Where has the time gone? While sashiko is never far from my mind, in this busy modern life it takes some planning to get me sitting in front of the computer long enough to actually write about it.
One tidbit of sashiko related news I wanted to tell you about was the announcement of the uniform for the Japanese soccer team in next year’s World Cup… featuring sashiko in the design. Next year will mark the twentieth anniversary since Japan first qualified to compete in the World Cup, so the concept is that sashiko will be the thread that connects up history. Isn’t that a nice idea!
Speaking of sashiko connecting people, you may remember I previously wrote about visiting a tiny backstreet bar in Tokyo where the owner showed me hanafukin made by her 94-year-old mother-in-law (turns out it was mother-in-law, not mother). Well, the other day when I paid another visit I had a wonderful surprise; apparently the mother-in-law was so thrilled to hear about my visit, she sent me a little gift, two hanafukin that she had made. I was moved to tears, as never in my life did I expect to receive a hanafukin from my own mother, let alone anyone else’s! Another lovely surprise was that she had left me some other hanafukin to look at, one of which happened to be exactly the same pattern as the piece I was carrying around with me to work on, and my topic for today kaki no hana (persimmon flower).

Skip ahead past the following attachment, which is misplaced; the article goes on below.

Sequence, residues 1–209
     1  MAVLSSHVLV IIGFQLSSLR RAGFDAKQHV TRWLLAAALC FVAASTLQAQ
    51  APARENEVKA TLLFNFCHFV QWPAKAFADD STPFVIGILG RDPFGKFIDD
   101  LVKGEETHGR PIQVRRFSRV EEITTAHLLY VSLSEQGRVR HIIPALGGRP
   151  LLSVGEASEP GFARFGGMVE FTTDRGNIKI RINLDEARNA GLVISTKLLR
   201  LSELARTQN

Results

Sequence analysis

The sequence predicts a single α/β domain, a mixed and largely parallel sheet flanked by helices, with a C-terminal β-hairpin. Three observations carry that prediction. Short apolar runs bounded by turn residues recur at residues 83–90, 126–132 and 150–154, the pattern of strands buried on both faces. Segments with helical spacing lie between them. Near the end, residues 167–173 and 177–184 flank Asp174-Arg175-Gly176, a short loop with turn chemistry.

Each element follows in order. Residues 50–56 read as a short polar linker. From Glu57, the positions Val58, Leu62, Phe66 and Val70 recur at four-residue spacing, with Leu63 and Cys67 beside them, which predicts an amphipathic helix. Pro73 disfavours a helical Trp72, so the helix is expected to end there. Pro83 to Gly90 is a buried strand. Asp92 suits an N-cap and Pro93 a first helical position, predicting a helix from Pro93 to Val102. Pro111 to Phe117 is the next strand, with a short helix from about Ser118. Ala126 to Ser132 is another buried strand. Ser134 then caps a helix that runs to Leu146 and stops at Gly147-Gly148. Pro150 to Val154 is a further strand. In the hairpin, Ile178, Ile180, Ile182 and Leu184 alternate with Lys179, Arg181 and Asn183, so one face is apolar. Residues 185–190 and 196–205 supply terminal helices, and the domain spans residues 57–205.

This stitch is one kind of hitomezashi (one stitch sashiko), which you may recall I wrote before was traditionally often used for practical purposes, such as clothing or reinforcing material, because of the strength that the dense stitching imparts. Hitomezashi is typical of Shonai sashiko, one of the three major styles of sashiko. The Shonai region is Yamagata prefecture in northern Japan, a mountainous region, cold in winter, that faces the Japan Sea. The story goes that ships carried out regional products such as safflower and rice, and made the return journey with their holds filled with cotton and old clothing from the warmer regions they visited where cotton grew. Women would get busy stitching the cloth to make jackets, footwear and other useful items.
Compared to moyozashi (pattern stitches), I find hitomezashi easy in the sense that you don’t have to think about the length of your stitches or making them fit them the pattern, because each stitch is simply one side of a square in the grid. The only tricky thing is that you have to get the order of stitching right, if you don’t the pattern won’t appear. Transferring the pattern is simple too; just draw or trace a grid onto the fabric and off you go. The recommended size of the squares on the grid is 5mm, but they can be up to a centimeter. Any longer and the stitching will stick up or catch. Here’s some examples of kaki no hana stitching I found in my collection of sashiko books that may inspire you!
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Above two images from Tohoku no Sashiko (Sashiko from the Tohoku region), Nihon Vogue-sha, 2016
Kawaii Hari Shigoto: Sashiko no Tezukurikomono (Charming Needlework: Small Handmade Sashiko Items), Boutique-sha, 2017
Sashiko no Teshigoto (Sashikoto Handiwork), Nihon Bungeisha, 2017
I love sashiko. I love its simplicity and complexity, I love looking at it, doing it, reading about it, and talking about it.